I think this view is just wrong. Heidegger was certainly a bad man, and (IMO) he was a bad philosopher. But (again in my opinion) just as a bad man need not be a bad plumber, so a bad man need not be a bad philosopher. Being a bad philosopher is being bad at philosophizing, and being a bad person is being bad at being a person (in this view I am taking from Aristotle) Both are "jobs", but being bad at the one job has nothing to do with being bad at the other "job". "Bad philosopher" carries no ethical meaning, but "bad person" certainly does.



It might depend upon what way the person is a bad person. It seems to me that one can be a bad person in a way that would make one a bad philosopher. One may, for example, be very stupid and consequently do bad things, and being very stupid would interfere with being a good philosopher as well. Or it could be that one may be a bad person because one has no regard for the truth, which, again, seems a very bad vice for a philosopher. But I can imagine a person being bad in some way that has no bearing on whether or not the person is a good philosopher, like Jean-Jacques Rousseau casting off his children did not, in itself, make him a bad philosopher, but he seems to me to be yet another example of a bad man who was also a bad philosopher. Frankly, off the top of my head, I cannot think of any really bad people who were good philosophers. And the very best sort of people (who were philosophers) seem to have often been the very best sort of philosophers, like David Hume.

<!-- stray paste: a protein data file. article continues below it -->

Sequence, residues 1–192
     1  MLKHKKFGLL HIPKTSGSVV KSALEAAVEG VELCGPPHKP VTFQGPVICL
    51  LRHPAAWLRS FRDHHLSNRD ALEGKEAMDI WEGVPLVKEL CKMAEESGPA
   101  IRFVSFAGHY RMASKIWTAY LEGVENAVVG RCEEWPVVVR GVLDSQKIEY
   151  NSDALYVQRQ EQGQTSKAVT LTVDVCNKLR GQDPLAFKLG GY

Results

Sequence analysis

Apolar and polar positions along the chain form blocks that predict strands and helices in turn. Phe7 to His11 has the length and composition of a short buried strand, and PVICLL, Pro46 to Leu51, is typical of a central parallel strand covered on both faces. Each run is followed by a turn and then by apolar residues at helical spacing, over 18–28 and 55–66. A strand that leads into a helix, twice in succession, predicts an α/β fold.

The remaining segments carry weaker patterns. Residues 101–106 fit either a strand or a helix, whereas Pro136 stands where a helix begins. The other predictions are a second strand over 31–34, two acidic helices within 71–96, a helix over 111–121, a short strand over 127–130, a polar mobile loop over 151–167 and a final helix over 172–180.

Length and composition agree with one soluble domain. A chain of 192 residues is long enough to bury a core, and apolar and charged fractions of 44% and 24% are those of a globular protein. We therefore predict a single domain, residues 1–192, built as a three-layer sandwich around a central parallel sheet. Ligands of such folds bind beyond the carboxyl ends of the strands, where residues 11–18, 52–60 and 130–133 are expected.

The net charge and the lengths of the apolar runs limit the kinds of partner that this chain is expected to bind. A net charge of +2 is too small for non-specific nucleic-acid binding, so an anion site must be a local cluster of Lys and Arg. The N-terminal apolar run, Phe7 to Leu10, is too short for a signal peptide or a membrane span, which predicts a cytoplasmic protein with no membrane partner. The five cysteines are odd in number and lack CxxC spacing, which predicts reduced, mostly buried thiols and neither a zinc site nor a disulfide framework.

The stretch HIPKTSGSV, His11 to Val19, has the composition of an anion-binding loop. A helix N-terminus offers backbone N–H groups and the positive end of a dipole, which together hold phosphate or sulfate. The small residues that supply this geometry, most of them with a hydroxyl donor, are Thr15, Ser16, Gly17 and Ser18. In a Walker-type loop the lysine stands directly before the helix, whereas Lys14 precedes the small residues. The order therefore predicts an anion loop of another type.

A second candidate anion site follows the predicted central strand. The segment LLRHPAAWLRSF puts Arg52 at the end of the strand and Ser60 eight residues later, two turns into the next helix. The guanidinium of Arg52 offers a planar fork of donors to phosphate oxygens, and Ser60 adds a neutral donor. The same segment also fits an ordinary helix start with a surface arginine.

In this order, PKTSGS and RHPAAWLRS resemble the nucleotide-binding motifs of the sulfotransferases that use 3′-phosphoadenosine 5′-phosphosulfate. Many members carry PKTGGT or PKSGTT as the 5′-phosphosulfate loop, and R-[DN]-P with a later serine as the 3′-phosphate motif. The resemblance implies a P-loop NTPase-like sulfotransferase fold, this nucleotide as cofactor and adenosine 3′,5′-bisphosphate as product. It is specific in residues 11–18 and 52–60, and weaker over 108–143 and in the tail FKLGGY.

kennethamy
 
Reply Tue 16 Feb, 2010 06:18 pm
@sometime sun,
sometime sun;128298 wrote:
It has probably already been asked;
Can a bad person be a good philosopher?


Probably................
 
sometime sun
 
Reply Tue 16 Feb, 2010 07:04 pm
@kennethamy,
kennethamy;129176 wrote:
Probably................

Yes just as a good person can be a bad philosopher,
probably one is not contingent upon the other............ probably.
 
Deckard
 
Reply Tue 16 Feb, 2010 09:48 pm
@sometime sun,
Can a morally bad person be a good moral philosopher?
 
Zetherin
 
Reply Tue 16 Feb, 2010 09:53 pm
@Deckard,
Deckard;129204 wrote:
Can a morally bad person be a good moral philosopher?


What is a "good moral philosopher"? Wouldn't that be a good person who just happens to be a philosopher? In which case, you're asking can a person be both good and bad, and at the same time be a philosopher? Sure.
 
Deckard
 
Reply Tue 16 Feb, 2010 10:47 pm
@Zetherin,
Rephrasing the question on more time:

Can a morally bad person be good at moral philosophy?

Doesn't knowledge of what is morally good necessarily transform the knower? Or if it does not is not this some fault in the knower? If someone says they have learned what it means to be good and yet remains bad then this may be evidence that that person does not really have that knowledge after all.

Furthermore, some things can only be understood through putting them into action. If a person gathers all sorts of knowledge about what it means to be good but never does anything with that knowledge than how deep is that persons knowledge really? "Knowing is Half the Battle" and it is only half the battle.

Is someone really deserving of the title "philosopher" if they are only willing to fight, or only capable of fighting, half of that battle?
 
Reconstructo
 
Reply Tue 16 Feb, 2010 10:59 pm
@Deckard,
Deckard;128864 wrote:

Yet is a preference for unbiased objectivity itself a bias?


These are the kinds of questions I relish. It may the imp of the perverse, but I love a good twist.

---------- Post added 02-17-2010 at 12:00 AM ----------

Deckard;129219 wrote: